March 1, 2012 - Our future depends on our next generation, and our next generation is most influenced by their very early childhood development.
Many experts in the science of early childhood development think the single greatest factor for a successful, sustainable, prosperous society is how we care for and nurture our newborns and infants.
Compared to any other influence, the influences of parents and other caregivers (grandparents, friends, teachers, nursery and daycare workers) with the very young have the most profound long-term effect on the child’s brain development.
Brains do develop quickly over the first few years of life as the genetic endowment from the baby’s parents is influenced, grown, nurtured, supported and challenged by the environment. These profound outside influences literally shape the architecture of the developing brain from the “bottom up.” At first, simple circuits direct baseline physiological survival skills such as sucking and wanting to be held. That is followed by eating, sleeping, and eliminating, which occupy the majority of a baby’s brain capabilities. Very quickly, when appropriately stimulated, a baby becomes much more competent, complex and appropriate at responding.
Consider a grandmother who has been caring for a few-month-old while the parents are working during weekdays. The baby looks forward to the grandmother’s approach and manner. Conversely, the baby’s tiny mouth and lips turn downward when the grandmother appears to be leaving. Although this obvious change in the baby’s attitude and demeanor is adorable, the deeper meaning and greater importance is that very early on, before most adults even realize how “tuned in” an infant is to his/her environment and caregivers, the brain is developing complex emotions which will last a lifetime.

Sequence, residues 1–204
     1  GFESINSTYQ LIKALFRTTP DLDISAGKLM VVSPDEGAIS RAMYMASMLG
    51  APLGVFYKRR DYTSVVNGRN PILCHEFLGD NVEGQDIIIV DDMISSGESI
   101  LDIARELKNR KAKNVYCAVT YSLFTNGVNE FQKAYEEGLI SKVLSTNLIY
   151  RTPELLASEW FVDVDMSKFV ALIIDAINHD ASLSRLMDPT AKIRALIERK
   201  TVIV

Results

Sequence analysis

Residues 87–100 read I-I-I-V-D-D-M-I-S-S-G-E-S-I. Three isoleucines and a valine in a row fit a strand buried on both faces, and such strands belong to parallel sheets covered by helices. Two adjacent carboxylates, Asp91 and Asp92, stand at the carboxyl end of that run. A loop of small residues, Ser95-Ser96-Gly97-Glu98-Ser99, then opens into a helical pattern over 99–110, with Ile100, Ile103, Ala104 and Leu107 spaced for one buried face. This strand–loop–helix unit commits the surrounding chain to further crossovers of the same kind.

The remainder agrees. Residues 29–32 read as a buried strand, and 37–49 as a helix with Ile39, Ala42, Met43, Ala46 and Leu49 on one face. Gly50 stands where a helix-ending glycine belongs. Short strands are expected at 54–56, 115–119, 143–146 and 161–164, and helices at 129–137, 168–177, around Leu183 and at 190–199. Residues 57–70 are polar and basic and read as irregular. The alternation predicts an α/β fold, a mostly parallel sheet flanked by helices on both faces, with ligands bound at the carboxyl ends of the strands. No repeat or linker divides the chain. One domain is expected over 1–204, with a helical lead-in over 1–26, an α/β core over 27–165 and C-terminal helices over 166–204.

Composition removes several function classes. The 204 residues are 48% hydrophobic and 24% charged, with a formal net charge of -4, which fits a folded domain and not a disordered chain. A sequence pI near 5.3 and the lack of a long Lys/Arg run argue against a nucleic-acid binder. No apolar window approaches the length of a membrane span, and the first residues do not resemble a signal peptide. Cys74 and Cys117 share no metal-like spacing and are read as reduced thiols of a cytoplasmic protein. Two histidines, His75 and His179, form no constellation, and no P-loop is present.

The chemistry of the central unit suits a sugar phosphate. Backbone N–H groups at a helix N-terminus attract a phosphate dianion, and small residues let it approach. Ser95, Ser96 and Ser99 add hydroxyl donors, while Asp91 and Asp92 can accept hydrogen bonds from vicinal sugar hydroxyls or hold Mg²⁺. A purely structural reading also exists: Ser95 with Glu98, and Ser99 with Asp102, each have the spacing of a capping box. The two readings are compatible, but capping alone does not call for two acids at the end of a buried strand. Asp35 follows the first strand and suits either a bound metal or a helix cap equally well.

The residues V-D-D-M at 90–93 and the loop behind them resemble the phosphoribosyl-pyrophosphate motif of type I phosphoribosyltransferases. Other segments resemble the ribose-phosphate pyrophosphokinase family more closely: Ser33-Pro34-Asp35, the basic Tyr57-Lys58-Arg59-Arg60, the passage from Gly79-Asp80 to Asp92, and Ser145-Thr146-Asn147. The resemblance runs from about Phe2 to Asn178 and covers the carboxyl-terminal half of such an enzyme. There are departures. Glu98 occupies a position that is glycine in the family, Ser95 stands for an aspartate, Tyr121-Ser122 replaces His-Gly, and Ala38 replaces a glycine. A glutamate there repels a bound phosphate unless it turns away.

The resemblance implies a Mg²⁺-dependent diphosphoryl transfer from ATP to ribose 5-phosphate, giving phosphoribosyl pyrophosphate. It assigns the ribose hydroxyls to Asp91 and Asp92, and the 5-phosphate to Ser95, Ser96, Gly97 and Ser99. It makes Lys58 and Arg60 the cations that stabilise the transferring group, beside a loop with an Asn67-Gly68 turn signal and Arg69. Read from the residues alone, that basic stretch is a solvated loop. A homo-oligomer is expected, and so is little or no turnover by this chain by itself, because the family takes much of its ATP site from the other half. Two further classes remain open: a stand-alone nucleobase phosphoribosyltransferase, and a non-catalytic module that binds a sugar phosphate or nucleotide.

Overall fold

Unfortunately, stress in early childhood can prove “toxic,” associated with persistent negative effects on the nervous system, caused by the chronic release of stress hormones. Learning and behavioral problems are the consequence. In turn, they cause further physical and mental problems.
Children learn how to learn as infants and toddlers. And the broad aspects of adult behavior are learned as children. Work force skills, lawful behavior, social interaction in society are all reflections of learned early behavior—built on the influence of parents and significant others on newborns, infants and toddlers.
The following six basic principles are “take home” points for childhood development:
#1 Brains are built over time.
In the first few years of life, 700 new connections are formed each second. With time, these connections are trimmed and become functional. Mental ability is developed in a variety of learning situations and basic abilities can be improved by early stimulation.
For any society to thrive, an expectant mother must have good nutrition and avoid noxious chemicals such as alcohol and tobacco. The fact that fetal exposure to alcohol is the leading preventable cause of mental retardation in the United States is still not understood by many of child-bearing ages.
#2 Genes and early experiences together shape the architecture of a developing brain.
That architecture, in turn, shapes the rest of the child’s life and contributions to society. A tuned-in mother or caregiver can tell by the baby’s cry how serious the problem is. Is the baby just exercising her lungs? Is she hungry? Or is she in real pain?